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18-11-2010, 14:02   #1
abellew
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how to hang a curtain pole in a dry lined room

hi all i hope someone can help. I want to put curtains in my front room the only problem is that the wall is dry-lined. Is there a way to put them up without the weight of the curtains pulling the pole down?? Any help would be appreciated
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18-11-2010, 14:38   #2
BostonB
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Theres usually some extra timber (battens) located above the window for you to drill into for a curtain. If there isn't you could fix to the studding itself. If thats not a good location, I've seen a board put across, fixed to the studding, then fix the pole to the board.
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18-11-2010, 17:10   #3
bbam
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Get some "framefixers" if it's for a large/heavy curtain, long enough to go through the plasterboard and straight into the blockwork.. curtains on patio doors etc take alot of abuse and you will pull down the plasterboard if you try and fix the pole to it...
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18-11-2010, 17:51   #4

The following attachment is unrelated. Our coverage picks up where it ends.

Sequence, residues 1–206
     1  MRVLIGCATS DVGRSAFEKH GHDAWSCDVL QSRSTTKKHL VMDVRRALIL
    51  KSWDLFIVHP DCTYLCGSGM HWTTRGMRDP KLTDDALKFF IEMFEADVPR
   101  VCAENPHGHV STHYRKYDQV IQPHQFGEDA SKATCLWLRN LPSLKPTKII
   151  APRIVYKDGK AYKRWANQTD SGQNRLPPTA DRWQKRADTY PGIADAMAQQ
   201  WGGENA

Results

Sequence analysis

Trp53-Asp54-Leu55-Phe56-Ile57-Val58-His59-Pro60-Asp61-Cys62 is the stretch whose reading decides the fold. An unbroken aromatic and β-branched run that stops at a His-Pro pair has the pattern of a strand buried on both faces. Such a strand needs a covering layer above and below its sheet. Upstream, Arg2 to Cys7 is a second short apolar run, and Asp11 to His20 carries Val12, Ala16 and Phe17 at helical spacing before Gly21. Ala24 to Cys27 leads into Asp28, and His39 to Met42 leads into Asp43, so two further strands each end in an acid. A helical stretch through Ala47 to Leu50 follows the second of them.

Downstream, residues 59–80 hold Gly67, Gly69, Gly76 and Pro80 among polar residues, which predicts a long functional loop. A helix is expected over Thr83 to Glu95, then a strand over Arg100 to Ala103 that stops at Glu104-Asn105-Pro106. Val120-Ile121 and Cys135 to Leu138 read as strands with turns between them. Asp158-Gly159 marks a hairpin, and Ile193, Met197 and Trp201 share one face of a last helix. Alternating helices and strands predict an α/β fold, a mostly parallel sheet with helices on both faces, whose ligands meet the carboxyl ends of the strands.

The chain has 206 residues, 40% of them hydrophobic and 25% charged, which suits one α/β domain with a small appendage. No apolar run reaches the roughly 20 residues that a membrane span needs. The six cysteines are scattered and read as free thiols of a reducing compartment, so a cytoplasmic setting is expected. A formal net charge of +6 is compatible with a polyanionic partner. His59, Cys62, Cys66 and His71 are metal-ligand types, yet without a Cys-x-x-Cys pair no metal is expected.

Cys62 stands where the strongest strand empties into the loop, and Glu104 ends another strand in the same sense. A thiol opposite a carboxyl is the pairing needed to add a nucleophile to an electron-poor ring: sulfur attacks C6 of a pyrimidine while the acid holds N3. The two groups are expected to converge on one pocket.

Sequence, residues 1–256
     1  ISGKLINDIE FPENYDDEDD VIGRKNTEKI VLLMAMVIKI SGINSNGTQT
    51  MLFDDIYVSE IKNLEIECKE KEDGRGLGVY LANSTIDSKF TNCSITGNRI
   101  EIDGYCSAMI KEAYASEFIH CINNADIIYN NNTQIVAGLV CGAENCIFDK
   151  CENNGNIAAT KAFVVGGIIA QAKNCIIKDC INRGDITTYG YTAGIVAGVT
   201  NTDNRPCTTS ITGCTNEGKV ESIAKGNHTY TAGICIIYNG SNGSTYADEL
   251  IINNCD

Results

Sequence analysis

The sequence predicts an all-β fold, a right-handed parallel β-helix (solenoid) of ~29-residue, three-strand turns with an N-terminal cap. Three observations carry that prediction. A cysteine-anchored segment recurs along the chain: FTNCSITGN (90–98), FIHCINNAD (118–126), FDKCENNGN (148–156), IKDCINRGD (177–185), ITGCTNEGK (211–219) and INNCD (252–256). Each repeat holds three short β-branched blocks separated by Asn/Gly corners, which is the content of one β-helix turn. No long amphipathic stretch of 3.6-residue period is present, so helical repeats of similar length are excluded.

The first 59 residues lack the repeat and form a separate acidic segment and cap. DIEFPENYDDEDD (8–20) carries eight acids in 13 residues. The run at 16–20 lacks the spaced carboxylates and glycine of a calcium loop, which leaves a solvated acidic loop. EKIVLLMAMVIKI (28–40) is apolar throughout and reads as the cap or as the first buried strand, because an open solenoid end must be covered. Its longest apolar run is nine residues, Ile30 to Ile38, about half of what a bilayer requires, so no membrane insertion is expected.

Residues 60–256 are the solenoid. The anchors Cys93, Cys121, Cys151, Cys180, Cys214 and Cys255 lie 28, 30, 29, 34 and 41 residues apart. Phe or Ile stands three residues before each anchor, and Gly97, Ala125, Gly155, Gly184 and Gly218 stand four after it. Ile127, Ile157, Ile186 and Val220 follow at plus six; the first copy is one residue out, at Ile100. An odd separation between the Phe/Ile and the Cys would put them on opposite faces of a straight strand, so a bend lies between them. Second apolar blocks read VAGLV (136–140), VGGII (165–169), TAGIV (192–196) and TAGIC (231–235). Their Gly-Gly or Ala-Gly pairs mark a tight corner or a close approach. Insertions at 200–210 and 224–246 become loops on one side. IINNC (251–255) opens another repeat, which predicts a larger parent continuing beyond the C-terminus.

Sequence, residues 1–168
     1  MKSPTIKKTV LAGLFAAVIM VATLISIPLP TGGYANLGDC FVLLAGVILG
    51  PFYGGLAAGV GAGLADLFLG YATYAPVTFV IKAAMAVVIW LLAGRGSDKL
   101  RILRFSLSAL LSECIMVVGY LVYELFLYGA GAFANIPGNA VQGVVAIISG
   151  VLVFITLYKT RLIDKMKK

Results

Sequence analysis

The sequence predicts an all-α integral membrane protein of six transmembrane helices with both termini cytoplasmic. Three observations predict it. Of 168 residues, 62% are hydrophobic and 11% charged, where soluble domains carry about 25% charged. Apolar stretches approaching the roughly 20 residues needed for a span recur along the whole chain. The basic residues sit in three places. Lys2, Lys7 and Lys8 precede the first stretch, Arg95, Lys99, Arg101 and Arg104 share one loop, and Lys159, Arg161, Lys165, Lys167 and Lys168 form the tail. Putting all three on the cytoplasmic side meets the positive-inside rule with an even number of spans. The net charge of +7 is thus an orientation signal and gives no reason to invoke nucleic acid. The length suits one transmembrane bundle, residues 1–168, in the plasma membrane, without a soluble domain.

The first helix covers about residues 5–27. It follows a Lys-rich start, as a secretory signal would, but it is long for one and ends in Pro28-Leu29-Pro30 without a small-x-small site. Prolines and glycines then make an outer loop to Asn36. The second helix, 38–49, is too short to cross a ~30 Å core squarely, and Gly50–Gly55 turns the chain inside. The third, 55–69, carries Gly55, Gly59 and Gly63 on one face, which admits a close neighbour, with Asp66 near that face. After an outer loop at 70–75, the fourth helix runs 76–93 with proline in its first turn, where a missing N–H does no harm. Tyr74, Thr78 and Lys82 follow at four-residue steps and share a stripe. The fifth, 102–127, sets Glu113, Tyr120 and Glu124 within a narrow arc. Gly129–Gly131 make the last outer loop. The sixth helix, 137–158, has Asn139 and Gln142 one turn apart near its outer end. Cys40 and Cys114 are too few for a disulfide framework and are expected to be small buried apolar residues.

antiskeptic
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Quote:
Originally Posted by abellew View Post
hi all i hope someone can help. I want to put curtains in my front room the only problem is that the wall is dry-lined. Is there a way to put them up without the weight of the curtains pulling the pole down?? Any help would be appreciated
A lot depends on the type of curtain pole brackets. Some brackets spread the load over a reasonable area of the wall and have mounting holes points a few inches apart. These can be hung successfully without too much bother using a combination of glue + heavy-duty plasterboard mounts + not yanking out of the curtains every time you draw them

Others (the type you always see pulling loose) have a circular disc-type bracket about the diameter of an egg cup with three mounting holes close together. If you've nothing solid behind the board to screw these into (like a batten or a purposely positioned piece of wood), then a piece of wood across the tope of the windownto spread the load (as mentioned earlier) is about the most straightforward way to ensure a good result - although it doesn't look great.

Best to buy a suitable pole first.